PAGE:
At Christmas time we give and receive presents. I suppose this echoes the gifts that the wise men brought to the infant Jesus. Perhaps, it is an even fainter echo of God’s gift of eternal life to us through his incarnate Son.
Christmas is a reminder of the importance of giving. But we have to learn to give well. It is possible to give for the wrong reasons. We can give coercively, such as when we say to our children, ‘You’ll have to be good if you want that special present for Christmas’.
We may give proudly to parade our generosity to others or make people feel beholden to us in some way. That is bad giving. Being a Christian involves learning to imitate the giving God (Ephesians 5:1). He is not a contractual giver who only gives in order to clinch a deal – ‘I’ll do this for you if you’ll do that for me’. Such a construction undermines the true grace of giving.
But neither is he a ‘Father Christmas’-style giver: one who gives freely yet who demands nothing from us by way of response.
God gives to do us good, not to spoil us like an indulgent parent. He gives lovingly, out of the overflow of infinite giving and receiving in his own divine life – as Father, Son and Holy Spirit.
God’s giving is costly, disproportionate and extravagant: ‘God so loved the world that he gave his one and only Son, that whoever believes in him should not perish but have everlasting life’ (John 3:16).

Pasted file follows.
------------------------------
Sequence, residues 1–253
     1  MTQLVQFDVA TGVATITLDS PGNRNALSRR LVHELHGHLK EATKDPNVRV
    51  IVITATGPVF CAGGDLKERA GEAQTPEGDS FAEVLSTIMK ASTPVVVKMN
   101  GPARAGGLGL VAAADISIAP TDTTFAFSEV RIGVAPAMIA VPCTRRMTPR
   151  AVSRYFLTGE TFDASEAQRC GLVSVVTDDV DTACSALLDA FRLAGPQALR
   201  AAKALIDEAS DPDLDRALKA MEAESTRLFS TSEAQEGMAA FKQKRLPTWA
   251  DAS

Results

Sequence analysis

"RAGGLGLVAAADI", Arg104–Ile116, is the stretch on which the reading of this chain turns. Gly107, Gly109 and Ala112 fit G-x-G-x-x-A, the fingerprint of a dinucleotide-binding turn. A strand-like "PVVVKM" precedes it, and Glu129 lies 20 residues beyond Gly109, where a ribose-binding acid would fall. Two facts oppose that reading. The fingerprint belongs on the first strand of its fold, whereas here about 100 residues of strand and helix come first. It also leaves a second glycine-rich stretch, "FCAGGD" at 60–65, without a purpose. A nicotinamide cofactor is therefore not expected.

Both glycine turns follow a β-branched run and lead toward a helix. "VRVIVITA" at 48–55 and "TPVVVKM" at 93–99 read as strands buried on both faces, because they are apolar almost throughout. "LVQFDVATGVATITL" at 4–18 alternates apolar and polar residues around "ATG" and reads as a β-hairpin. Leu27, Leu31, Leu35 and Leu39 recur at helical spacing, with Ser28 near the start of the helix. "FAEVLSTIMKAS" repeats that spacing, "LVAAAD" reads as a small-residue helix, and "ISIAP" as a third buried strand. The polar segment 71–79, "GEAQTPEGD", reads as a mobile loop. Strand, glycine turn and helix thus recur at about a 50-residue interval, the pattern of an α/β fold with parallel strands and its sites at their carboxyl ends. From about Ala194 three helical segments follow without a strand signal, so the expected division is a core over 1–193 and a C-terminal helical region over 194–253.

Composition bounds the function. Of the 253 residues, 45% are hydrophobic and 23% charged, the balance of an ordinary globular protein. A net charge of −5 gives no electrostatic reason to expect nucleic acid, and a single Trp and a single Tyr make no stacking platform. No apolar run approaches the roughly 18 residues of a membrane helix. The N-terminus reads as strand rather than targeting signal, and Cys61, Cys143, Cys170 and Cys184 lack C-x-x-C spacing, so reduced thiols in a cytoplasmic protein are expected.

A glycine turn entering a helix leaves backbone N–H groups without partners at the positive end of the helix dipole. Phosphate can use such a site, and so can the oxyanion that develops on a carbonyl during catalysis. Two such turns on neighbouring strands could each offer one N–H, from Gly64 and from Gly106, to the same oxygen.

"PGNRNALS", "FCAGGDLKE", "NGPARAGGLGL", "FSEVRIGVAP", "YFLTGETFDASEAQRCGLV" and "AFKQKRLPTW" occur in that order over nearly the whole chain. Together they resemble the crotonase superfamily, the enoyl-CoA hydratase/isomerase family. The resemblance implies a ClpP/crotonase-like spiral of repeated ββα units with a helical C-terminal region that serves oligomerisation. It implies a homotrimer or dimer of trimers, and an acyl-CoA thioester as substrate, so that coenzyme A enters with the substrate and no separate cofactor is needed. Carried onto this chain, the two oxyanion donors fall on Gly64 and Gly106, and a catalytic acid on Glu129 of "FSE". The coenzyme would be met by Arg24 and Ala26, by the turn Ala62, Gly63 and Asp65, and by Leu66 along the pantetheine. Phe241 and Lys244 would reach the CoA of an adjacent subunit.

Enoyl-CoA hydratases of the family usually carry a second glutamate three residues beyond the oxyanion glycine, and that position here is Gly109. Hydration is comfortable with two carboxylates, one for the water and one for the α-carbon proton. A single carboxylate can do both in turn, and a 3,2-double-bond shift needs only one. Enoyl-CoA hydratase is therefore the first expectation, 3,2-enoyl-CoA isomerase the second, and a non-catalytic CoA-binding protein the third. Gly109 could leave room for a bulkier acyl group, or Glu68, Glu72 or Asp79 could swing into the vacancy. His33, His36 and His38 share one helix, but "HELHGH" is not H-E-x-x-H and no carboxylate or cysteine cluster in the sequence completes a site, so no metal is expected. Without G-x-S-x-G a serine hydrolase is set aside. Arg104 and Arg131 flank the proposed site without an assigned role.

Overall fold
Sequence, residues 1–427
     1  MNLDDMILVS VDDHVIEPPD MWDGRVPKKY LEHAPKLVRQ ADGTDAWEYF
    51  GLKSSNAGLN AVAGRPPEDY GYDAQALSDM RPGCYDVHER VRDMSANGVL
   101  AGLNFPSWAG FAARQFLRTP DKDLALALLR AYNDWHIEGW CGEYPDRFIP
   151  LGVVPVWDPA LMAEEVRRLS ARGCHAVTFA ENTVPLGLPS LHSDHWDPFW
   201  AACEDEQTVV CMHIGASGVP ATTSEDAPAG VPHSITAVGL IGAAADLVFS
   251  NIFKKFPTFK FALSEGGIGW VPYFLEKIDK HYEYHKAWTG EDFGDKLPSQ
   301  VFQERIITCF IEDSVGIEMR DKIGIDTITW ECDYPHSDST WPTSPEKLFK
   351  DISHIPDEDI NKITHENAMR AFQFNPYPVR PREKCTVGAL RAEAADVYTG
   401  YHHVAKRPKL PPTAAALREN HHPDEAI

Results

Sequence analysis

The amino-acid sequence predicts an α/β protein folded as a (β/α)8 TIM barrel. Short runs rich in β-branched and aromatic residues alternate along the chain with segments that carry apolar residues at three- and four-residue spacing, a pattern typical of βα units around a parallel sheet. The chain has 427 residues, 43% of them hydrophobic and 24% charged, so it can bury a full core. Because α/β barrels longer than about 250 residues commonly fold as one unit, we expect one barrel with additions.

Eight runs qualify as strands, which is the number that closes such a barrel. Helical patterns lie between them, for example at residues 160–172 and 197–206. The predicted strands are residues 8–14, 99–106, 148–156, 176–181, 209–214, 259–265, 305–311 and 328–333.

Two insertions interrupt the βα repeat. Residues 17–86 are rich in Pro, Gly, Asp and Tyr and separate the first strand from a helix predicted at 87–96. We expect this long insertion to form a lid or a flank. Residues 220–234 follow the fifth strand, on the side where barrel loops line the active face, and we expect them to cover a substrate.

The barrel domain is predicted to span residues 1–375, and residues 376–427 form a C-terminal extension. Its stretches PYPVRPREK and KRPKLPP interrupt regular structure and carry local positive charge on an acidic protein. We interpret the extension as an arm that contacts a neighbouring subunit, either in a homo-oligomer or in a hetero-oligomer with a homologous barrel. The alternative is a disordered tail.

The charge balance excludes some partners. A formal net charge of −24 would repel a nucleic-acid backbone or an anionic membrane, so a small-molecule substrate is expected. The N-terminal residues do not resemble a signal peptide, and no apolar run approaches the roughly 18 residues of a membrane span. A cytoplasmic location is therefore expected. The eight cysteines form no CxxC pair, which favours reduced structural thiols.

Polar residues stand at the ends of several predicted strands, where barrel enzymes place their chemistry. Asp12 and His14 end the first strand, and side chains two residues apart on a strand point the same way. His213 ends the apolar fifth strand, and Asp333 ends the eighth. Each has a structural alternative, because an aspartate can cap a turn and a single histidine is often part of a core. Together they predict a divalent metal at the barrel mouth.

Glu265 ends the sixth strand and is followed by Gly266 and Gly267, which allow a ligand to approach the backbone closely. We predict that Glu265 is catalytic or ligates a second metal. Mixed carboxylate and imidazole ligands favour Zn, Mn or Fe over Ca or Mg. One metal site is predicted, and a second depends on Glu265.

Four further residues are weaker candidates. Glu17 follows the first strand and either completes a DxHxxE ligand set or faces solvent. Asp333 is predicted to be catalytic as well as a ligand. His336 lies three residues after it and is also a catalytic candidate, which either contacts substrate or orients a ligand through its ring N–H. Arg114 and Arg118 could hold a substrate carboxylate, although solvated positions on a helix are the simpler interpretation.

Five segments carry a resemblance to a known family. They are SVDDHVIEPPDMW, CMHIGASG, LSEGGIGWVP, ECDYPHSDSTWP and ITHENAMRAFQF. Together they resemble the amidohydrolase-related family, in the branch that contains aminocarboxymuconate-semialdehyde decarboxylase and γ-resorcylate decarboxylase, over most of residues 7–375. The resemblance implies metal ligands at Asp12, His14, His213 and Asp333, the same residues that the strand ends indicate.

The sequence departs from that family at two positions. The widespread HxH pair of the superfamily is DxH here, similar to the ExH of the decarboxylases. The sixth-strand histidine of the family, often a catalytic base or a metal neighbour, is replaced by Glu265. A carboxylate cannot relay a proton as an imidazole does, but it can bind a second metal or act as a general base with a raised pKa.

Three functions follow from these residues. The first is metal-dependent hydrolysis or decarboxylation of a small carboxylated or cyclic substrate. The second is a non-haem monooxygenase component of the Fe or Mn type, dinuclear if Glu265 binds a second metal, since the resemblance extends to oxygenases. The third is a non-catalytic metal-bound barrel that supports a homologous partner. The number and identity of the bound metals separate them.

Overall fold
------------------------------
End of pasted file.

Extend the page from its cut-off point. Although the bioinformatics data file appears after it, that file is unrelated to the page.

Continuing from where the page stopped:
It cost the Father to give his Son to be despised and rejected by men, and ultimately to be made sin for us on the cross. All he demands from us by way of response is faith – and that itself is a gift he bestows as part and parcel of our salvation (Ephesians 2:8).
Is this not totally disproportionate? God gives us his one and only beloved Son. In return, we give him our trust and he lavishes upon us the extravagant blessing of everlasting life. What can we say but, ‘Thanks be to God for his indescribable gift!’ (2 Corinthians 9:15).
Clearly we cannot match the infinite and unrestrained generosity of the giving God. But Jesus said, ‘Freely you have received, freely give’ (Matthew 10:8).
Reflecting on the truth of 2 Corinthians 8:9, Miroslav Volf writes, ‘If the presence of the gift-giving Christ makes us rich, rest will replace weariness, and peace will banish unending restlessness.
‘Like the apostle Paul, we will then know the secret of being content whatever the circumstance, “of being well-fed and of going hungry, or having plenty and of being in need” (Philippians 4:12).
‘And like the apostle, we will then give, even if we must work hard to do so and sacrifice what’s rightfully ours (see 1 Corinthians 9:1-24)’. (Free of charge: Giving and forgiving in a culture stripped of grace, Zondervan, p. 109). For Christians, giving is for life, not just for Christmas. But Christmas is a good time to give.